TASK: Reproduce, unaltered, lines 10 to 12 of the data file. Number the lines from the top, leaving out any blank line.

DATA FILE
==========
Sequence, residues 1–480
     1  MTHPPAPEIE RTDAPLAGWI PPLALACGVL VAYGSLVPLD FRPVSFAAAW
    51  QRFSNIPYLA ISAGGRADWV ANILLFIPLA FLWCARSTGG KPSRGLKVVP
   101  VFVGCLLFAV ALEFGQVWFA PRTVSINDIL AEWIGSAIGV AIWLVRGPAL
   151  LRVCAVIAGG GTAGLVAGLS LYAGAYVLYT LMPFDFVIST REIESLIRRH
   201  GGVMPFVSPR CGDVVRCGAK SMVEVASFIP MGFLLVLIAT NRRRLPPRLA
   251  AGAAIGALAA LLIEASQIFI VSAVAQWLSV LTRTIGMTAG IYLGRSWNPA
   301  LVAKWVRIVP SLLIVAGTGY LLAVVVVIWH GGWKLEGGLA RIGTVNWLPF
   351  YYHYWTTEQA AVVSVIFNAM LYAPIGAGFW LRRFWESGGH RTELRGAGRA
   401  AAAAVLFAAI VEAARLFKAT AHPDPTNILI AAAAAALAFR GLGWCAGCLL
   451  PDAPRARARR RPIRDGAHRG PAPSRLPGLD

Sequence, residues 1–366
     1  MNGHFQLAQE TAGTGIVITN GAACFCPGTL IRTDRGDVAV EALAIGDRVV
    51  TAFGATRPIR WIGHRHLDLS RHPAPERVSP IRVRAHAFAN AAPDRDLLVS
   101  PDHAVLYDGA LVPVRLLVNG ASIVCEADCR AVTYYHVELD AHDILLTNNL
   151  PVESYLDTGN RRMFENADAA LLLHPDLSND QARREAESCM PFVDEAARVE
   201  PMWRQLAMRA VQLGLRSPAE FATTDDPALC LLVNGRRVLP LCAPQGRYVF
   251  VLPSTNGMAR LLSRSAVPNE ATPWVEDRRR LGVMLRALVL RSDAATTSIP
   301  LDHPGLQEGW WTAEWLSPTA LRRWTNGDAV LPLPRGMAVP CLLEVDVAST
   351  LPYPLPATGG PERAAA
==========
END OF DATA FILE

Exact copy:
   401  AAAAVLFAAI VEAARLFKAT AHPDPTNILI AAAAAALAFR GLGWCAGCLL
   451  PDAPRARARR RPIRDGAHRG PAPSRLPGLD

Sequence, residues 1–366